Winter First Aid: What you need to know

Winter First Aid: What you need to know

Sarah McLoughlin
Posted by Sarah McLoughlin

Date: Thursday, 23 November 2017. -  
Blog, First Aid

With plummeting temperatures and the shorter days we are experiencing, it is safe to say that Winter is well and truly here. With common colds and viruses circulating this time of year, it is important to ensure you wear extra layers to keep warm during the colder months.

To help you prepare, we’re offering some winter first aid advice for you to consider when it comes to common hazards that can occur during the winter months.

Wrap up warm

Staying warm and maintaining body heat is essential during Winter to avoid getting hypothermia as the temperatures begin to drop.

If you are going outside, ensure you are wrapped up with several layers to protect you from the cold. Keeping your home warm during winter is also important and can be difficult although electric blankets and hot water bottles can keep you extra warm at night.

Hypothermia is one of the major dangers at this time of year, with the number of hypothermia deaths doubling recently over a five-year period. Signs of hypothermia include pale, cold skin, disorientation, shallow breathing and a weak pulse. You should call for help if you suspect someone is experiencing hypothermia and encourage them to carry out the following:

  1. Restore warmth slowly and get the victim indoors if they are not already
  2. Begin CPR if necessary
  3. Give the person a warm drink if they are conscious
  4. Keep their body temperature up

Walking on thin ice

Travelling can become difficult during Winter as ice and snow can be particularly hazardous. It is important to take extra care when walking outside in the Winter as footpaths can become very slippery. Ensuring you have sensible footwear with good grips will help prevent you from falling. Do take extra care when walking to avoid slipping over and injuring yourself.

Travel delays can be expected during Winter as a result of adverse weather conditions. It is extremely important to drive with care as roads can also become slippery. Your car should be stocked with a winter first aid kit that also includes blankets and food in the event of a break down happening. It is also a good idea to carry other winter driving essentials such as an ice scraper, winter screen wash, de-icer and a foil or cotton blanket.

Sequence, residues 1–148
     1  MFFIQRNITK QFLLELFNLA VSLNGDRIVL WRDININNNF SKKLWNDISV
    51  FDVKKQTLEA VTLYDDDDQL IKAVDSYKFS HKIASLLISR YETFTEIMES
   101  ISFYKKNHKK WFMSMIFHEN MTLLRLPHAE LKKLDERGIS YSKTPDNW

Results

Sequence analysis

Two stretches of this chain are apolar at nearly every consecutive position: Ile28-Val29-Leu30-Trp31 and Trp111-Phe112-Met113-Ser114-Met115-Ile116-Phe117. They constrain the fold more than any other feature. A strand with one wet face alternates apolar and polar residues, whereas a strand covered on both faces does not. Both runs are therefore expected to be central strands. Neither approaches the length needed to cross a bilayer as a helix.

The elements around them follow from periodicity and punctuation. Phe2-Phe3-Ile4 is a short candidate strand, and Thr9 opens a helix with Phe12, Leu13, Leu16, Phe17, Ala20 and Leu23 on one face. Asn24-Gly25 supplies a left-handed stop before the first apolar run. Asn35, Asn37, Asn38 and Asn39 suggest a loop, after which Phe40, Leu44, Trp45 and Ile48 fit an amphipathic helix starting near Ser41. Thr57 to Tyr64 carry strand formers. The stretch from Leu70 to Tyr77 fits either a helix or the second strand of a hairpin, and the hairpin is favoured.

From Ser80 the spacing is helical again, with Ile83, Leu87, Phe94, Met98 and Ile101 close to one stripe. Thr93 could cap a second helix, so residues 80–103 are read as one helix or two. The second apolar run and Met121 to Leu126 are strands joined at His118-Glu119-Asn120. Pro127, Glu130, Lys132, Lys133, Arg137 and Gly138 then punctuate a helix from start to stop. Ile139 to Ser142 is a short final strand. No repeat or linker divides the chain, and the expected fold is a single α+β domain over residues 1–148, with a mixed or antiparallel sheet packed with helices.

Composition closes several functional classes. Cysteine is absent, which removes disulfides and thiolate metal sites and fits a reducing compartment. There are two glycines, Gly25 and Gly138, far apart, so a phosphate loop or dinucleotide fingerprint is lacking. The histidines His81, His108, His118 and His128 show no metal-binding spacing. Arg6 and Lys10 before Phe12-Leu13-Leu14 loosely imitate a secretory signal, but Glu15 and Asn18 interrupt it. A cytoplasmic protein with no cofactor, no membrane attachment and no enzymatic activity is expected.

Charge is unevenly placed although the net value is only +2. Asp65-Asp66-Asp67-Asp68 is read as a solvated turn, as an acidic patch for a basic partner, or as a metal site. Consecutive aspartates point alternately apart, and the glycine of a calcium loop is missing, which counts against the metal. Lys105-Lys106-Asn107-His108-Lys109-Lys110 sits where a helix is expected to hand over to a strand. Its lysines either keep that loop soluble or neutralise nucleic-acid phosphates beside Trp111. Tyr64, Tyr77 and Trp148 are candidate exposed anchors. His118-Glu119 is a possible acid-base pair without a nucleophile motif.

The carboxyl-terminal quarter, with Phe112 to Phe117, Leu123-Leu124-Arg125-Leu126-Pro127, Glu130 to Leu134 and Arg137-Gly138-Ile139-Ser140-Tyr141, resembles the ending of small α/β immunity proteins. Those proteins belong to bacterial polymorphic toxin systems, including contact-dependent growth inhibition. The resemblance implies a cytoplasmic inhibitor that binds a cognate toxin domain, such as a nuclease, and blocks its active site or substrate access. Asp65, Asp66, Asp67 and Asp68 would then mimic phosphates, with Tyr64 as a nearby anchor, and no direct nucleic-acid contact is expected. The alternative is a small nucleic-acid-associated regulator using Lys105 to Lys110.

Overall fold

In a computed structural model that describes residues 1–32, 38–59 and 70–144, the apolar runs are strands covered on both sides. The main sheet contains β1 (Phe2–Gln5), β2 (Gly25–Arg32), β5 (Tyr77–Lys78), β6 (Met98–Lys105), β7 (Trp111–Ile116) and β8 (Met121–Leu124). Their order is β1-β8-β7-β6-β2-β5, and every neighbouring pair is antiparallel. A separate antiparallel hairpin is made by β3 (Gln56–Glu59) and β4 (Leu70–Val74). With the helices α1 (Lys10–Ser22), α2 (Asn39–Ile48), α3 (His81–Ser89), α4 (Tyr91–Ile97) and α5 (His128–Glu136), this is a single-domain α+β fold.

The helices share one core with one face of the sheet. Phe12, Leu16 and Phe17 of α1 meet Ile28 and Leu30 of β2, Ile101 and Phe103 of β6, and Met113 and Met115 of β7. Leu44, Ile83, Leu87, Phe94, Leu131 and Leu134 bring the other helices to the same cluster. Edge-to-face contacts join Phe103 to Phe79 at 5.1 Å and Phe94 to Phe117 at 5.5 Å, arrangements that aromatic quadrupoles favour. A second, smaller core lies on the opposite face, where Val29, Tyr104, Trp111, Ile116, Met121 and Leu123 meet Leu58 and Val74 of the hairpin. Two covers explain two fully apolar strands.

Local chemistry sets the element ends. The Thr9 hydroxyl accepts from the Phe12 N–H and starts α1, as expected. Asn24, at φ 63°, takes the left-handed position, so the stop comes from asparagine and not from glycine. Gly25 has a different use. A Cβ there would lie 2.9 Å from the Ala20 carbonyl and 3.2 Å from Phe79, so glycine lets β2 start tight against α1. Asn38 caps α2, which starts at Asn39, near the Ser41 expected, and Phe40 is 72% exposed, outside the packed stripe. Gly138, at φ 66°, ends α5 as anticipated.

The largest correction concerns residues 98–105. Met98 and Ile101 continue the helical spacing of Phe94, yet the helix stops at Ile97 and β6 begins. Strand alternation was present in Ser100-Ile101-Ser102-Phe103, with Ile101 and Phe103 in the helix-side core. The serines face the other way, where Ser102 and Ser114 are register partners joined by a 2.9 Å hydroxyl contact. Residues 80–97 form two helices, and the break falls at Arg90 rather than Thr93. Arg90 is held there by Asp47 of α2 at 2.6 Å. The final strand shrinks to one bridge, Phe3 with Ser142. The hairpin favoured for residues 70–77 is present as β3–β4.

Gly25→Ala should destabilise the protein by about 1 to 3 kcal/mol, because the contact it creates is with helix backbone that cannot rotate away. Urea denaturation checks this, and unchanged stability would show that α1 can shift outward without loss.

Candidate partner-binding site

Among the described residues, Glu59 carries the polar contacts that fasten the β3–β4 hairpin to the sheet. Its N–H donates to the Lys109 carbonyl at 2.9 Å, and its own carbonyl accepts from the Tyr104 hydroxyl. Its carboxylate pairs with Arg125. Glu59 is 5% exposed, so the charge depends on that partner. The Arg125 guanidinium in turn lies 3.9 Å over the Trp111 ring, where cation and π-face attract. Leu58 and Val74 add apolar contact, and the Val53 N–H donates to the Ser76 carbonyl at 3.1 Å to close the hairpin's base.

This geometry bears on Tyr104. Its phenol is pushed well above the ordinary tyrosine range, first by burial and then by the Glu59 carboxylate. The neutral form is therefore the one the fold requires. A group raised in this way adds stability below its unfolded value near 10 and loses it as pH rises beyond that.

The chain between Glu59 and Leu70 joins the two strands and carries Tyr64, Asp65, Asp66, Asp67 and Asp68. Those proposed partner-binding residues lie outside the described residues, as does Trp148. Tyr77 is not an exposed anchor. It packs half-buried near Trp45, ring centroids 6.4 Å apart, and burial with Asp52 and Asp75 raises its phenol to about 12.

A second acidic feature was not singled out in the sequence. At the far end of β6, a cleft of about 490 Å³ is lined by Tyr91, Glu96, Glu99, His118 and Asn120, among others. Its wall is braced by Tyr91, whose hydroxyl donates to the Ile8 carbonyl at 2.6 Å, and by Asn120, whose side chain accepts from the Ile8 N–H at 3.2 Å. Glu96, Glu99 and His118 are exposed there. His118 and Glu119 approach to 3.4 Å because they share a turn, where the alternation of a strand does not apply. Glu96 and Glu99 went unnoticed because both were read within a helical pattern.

Fight the cold

Cold weather can have an impact on your health, although there are a number of steps you can take to ensure you are fit and healthy during the Winter months to avoid getting sick. When the temperature drops to below 8 °C some people become at risk of:

  • Heart attack
  • Stroke
  • Pneumonia
  • Falls and injuries
  • Hypothermia

The cold weather can affect anyone but those who are most vulnerable include the elderly, young children, people with an existing health condition and those on a low income who may be unable to afford the excess heating costs. To protect your health during Winter, you can ensure to keep well with the following tips:

  • Enquire about getting the flu jab as a preventative measure but also take multivitamins
  • Have hot meals and drinks when possible
  • Stay active as it will help to maintain body heat
  • Scarfs, hats and gloves are essential for the cold as well as shoes with a good grip
  • Use lip balms and moisturisers as skin can become particularly dry during Winter

Remember to look after yourself during Winter but also anyone you know that could be particularly vulnerable including friends, relatives or elderly neighbours by ensuring they are well and have everything that they need.

Stay safe during Winter

Stay safe and well this Winter by ensuring you are prepared, take care when driving and wrap up warm when you go outside. It is also important that you are able to respond confidently to any incidents that can occur as a result of the weather conditions and factors during the Winter months.

Do you enjoy the festive season? Let us know your plans this Winter by tweeting us @imptraining and getting involved in the conversation.